5.1.6.Blue River Tech (now John Deere): long-term vision
5.1.7.Why asparagus harvesting should be automated
5.1.8.Automatic asparagus harvesting
5.1.9.Robotic/Automatic asparagus harvesting
5.1.10.Robotic/Automatic asparagus harvesting
5.2.Artificial intelligence in weed (and other object) detection
5.2.1.Content outline
5.3.Artificial intelligence in weed (and other object) detection: summary and conclusion
5.3.1.Trend: a shift from SVM to SOM and to CNN and then to special CNNs in weed and other image object detection tasks
5.3.2.The evolution from binary classification to cloud based applications
5.4.Artificial intelligence in weed (and other object) detection: review
5.4.1.Rumex and Urtica detection in grassland with different machine learning algorithms
5.4.2.Which algorithm performs better in Rumex and Urtica detection
5.4.3.Results of different scenarios for Rumex and Urtica detection
5.4.4.UAS based imaging for Silybum marianum detection by self organizing maps
5.4.5.Data specs and procedure
5.4.6.S. Marianum recognition accuracy by self organizing maps
5.4.7.Self organizing map with active learning to detect 11 different weed types from each other and plant
5.4.8.Sensors, features, and procedure for weed type detection
5.4.9.Results of different active-learned one-class classifier on classifying weed types
5.4.10.Weed location and recognition based on UAV imaging and deep learning
5.4.11.What kind of Deep network is YOLO
5.4.12.Vegetation detection and discrimination within vegetable plasticulture row-middles using a convolutional neural network
5.4.13.Deep localization model for intra-row crop detection in paddy field
5.4.14.Proposed architecture in use
5.4.15.Deep convolutional neural networks for image based Convolvulus sepium detection in sugar beet fields
5.4.16.The structure of network and results
5.4.17.Transfer learning between crop types for semantic segmentation of crops versus weeds in precision agriculture
5.4.18.Network structure and results
5.5.Artificial intelligence in crop disease detection
5.5.1.Artificial intelligence in crop disease detection: summary and conclusions
5.5.2.Technology trend: from a single disease detection to nutrient or water stress detection to 58 plant-disease combinations detection
5.5.3.Trend: from hyperspectral images to RGB only images and from SVM to SOM to deep learning and convolutional deep learning
5.5.4.Content outline
5.6.Artificial intelligence in crop disease detection: literature review
5.6.1.More than 99% accuracy in detecting yellow rust infected wheat
5.6.2.Process and model for yellow rust infected wheat detection
5.6.3.Fluorescence and spectral imaging for yellow rust detection by Kohonen maps
5.6.4.Kohonen performs much better
5.6.5.Optical discrimination between healthy and water stressed wheat canopies
5.6.6.Fused spectral reflectance and fluorescence features are better for both binary and multiclass classification
5.6.7.Detecting Microbotryum Silybum infected plants by hierarchical self organizing maps
5.6.8.Contaminated rice seed detection
5.6.9.Feature selection and training method
5.6.10.Good features are selected for S. marianum health state recognition
5.6.11.Vision-based pest detection based on SVM
5.6.12.Pest detection classification method
5.6.13.Wheat crop biotic and abiotic stress detection accurate detection of stresses in wheat plant by self organizing map based classifiers
5.6.15.General plant healthy and diseased state detection with deep convolutional neural network classes of [plant, disease] to be detected by deep learning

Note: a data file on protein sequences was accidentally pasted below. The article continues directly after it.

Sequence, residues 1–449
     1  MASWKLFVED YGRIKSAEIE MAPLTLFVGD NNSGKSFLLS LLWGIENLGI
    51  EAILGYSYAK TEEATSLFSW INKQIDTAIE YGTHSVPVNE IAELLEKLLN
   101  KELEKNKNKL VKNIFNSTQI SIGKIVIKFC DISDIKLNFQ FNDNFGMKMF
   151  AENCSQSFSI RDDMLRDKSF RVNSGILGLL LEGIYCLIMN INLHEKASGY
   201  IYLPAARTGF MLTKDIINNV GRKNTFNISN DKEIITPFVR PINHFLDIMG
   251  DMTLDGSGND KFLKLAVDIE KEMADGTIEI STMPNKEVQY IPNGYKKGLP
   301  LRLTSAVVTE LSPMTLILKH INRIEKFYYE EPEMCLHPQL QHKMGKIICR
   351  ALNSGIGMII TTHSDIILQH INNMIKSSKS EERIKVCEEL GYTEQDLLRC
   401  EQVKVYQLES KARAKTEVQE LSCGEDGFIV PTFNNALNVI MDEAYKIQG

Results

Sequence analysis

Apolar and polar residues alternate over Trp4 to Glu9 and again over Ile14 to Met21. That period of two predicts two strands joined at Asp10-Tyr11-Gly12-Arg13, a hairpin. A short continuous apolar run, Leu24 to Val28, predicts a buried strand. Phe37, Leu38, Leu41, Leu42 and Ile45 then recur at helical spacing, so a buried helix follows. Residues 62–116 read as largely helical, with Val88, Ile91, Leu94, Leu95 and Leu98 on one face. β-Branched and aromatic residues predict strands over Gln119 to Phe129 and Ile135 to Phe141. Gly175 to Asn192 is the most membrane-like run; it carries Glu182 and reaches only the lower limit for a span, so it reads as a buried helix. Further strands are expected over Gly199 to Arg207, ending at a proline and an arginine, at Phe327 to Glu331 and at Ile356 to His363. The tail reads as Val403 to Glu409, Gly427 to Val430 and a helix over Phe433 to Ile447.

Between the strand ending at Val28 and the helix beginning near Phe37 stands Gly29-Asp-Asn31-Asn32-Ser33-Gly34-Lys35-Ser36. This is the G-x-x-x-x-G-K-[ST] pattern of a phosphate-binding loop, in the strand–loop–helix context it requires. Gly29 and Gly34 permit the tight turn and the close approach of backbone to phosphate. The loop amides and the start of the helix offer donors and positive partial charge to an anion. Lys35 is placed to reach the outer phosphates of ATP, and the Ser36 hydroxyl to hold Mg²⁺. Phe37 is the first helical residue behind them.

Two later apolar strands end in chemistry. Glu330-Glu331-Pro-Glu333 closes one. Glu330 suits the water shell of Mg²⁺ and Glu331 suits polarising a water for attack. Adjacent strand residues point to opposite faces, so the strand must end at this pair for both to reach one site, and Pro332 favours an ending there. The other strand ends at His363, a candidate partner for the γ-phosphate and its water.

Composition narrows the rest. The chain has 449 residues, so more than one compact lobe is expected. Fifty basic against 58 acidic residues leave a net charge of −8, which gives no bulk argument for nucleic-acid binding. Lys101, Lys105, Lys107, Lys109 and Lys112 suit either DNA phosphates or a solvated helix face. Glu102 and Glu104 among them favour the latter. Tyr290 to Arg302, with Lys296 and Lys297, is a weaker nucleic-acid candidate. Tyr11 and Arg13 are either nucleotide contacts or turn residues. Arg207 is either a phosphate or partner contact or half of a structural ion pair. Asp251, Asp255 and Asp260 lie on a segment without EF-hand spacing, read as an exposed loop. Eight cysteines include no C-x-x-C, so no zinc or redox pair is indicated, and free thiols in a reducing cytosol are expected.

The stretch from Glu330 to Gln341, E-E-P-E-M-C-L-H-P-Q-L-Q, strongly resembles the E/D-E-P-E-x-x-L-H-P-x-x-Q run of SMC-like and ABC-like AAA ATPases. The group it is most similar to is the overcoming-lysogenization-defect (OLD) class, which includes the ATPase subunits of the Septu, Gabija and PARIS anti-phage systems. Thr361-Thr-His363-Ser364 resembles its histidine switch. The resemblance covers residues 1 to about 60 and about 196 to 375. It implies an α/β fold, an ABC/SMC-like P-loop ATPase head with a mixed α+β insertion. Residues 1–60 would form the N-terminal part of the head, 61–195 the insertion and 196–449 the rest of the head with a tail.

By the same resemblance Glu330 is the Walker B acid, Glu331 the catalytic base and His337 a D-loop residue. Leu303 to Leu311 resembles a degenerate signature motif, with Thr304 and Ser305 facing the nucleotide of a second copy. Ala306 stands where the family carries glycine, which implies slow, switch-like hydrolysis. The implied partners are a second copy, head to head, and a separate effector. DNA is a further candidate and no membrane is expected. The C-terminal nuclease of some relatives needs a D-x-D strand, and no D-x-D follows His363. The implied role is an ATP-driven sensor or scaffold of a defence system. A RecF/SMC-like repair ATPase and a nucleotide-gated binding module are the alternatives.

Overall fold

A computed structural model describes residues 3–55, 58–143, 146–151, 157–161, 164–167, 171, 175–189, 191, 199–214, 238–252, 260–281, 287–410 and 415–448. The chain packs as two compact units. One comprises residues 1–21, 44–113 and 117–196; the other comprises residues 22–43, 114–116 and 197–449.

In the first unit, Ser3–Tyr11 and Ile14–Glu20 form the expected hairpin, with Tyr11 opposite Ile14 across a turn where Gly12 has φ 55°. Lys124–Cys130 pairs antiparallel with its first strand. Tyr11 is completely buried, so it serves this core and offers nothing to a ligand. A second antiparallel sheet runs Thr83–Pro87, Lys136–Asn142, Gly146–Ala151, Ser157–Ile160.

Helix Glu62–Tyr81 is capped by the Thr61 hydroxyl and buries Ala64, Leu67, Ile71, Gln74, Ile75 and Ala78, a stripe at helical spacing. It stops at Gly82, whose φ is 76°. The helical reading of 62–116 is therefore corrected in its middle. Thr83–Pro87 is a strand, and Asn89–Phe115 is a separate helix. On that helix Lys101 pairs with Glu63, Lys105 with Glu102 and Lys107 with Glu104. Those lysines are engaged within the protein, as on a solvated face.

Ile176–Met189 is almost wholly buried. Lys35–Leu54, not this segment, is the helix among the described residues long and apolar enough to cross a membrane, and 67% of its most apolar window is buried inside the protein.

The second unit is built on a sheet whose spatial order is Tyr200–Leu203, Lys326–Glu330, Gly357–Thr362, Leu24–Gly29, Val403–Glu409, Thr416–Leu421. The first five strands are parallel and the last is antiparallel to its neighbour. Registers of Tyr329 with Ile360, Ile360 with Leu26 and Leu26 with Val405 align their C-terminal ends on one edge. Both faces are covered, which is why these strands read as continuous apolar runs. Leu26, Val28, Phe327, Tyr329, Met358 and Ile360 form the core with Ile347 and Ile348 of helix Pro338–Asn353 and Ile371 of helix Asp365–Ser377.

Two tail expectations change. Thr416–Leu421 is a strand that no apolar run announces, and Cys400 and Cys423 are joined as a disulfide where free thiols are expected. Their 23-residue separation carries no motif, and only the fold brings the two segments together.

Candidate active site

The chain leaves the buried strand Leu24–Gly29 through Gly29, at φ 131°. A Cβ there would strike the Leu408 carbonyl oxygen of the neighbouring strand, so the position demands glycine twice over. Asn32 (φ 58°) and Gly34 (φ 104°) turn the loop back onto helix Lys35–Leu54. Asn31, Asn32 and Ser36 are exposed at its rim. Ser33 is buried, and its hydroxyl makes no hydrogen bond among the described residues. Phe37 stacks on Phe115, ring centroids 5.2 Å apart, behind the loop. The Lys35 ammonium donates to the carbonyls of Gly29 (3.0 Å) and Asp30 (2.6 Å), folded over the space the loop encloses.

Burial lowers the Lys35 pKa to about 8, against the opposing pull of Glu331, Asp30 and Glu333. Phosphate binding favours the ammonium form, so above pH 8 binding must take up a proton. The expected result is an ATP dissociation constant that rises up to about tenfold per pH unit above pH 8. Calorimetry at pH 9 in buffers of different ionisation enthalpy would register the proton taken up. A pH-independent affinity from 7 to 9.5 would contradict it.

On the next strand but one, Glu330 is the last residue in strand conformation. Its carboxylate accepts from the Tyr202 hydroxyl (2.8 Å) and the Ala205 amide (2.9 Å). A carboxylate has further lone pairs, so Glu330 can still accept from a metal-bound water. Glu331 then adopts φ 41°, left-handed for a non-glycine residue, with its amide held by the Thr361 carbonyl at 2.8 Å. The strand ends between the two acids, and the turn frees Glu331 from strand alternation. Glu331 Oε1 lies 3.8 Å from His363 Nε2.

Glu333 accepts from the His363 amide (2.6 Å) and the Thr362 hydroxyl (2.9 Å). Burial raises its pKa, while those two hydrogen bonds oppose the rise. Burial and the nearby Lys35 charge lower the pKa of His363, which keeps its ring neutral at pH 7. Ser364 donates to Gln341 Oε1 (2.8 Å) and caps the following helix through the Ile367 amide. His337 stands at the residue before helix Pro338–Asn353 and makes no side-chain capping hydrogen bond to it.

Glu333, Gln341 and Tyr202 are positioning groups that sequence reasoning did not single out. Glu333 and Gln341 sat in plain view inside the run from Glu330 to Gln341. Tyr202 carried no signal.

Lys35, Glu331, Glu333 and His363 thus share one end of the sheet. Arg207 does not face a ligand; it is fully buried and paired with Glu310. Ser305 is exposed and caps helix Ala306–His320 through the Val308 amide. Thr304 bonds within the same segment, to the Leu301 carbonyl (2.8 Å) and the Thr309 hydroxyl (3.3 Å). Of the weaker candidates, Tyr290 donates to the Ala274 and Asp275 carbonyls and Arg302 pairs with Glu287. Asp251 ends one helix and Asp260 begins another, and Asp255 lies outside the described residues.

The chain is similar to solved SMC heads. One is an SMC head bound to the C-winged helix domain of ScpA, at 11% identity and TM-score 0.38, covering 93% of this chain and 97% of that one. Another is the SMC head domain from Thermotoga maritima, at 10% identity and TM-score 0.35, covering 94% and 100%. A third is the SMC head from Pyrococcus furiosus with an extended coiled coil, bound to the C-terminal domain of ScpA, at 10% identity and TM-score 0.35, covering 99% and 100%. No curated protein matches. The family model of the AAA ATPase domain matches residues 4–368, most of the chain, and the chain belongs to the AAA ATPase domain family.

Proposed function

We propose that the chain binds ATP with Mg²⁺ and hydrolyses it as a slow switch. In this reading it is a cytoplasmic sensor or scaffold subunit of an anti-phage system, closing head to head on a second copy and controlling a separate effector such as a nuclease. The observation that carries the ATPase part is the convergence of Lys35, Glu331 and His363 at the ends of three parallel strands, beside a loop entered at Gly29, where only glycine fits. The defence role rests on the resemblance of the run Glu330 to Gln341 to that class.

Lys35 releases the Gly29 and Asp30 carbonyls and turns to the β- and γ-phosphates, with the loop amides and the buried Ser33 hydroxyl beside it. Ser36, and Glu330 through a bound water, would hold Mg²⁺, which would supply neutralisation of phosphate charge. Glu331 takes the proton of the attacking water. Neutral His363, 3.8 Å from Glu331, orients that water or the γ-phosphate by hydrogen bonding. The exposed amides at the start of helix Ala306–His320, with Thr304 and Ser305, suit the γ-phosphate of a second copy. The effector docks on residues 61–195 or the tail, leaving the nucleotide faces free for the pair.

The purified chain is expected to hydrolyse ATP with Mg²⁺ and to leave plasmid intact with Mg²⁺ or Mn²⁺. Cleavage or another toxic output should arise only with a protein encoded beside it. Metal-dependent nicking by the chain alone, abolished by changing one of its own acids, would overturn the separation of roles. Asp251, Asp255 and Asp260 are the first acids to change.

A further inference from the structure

5.6.17.Seasonal Crops Disease Prediction and Classification Using Deep Convolutional Encoder Network
5.6.18.Network architecture and results
5.6.19.Machine vision-based automatic disease symptom detection of onion downy mildew
5.6.20.Network structure and method and results
5.6.21.Mathematical and Visual Understanding of a Deep Learning Model Towards m Agriculture for Disease Diagnosis
5.6.22.The models compared and model selection strategy
5.7.Robotic spraying
5.7.1.Guss: autonomous robotic sprayers for permanent crops
5.7.2.Guss: key drivers of adoption
5.7.3.Guss: navigation technology
5.7.4.Guss: market, price, unit sales, etc.
5.7.5.Guss: future roadmap
5.7.6.Autonomous weed killing robots
5.7.7.Swarm Farm Robotics: moving platform into orchard spraying
5.7.8.Jacto: autonomous spray vehicles
6.1.1.Field crop and non-fresh fruit harvesting is largely mechanized
6.1.2.Fresh fruit picking remains largely manual
6.1.3.Machining aiding humans in fresh fruit harvesting have not evolved in the past 50 years
6.1.4.Emerging robotic fresh fruit harvest assist technologies
6.1.5.Robot orchard data scouts and yield estimators
6.1.6.Emerging robotic fresh fruit harvest assist technologies
6.1.7.Robotic fresh apple harvesting
6.1.8.Robotic fresh citrus harvesting
6.1.9.Fresh fruit harvesting robots
6.1.10.Fresh Fruit Robotics: system evolution and current design
6.1.11.Fresh Fruit Robotics: business model and future product roadmap
6.1.12.Abundant Robotics: RaaS, at least for now
6.1.13.Technology and progress progression roadmap for robotic fresh fruit harvesting
6.1.14.Agrobot: Robotic fresh strawberry harvesting
6.1.15.Harvest Croo: Evolution of fresh strawberry harvesting robots
6.1.16.Octinion: autonomous mobile platform and robotic strawberry picking
6.1.17.Fully autonomous strawberry picking robots with soft grippers
6.1.18.Dogtooth: robotic arm on an autonomous platform to pick fresh, grade and pack fresh berries
6.1.19.Traptic: open field robotic strawberry pickers offered as RaaS
6.1.20.Advanced Farm Robotics: open field strawberry or similar picking
6.2.Artificial intelligence in crop detection, counting, and localization
6.2.1.Coffee fruit: counting and predicting ripeness state
6.2.2.Coffee fruit counting method
6.2.3.Green citrus identification using support vector machine
6.2.4.Citrus identification flowchart
6.2.5.Sweet cherry branch detection to automate shake-and-catch picking
6.2.6.How cherry branch is detected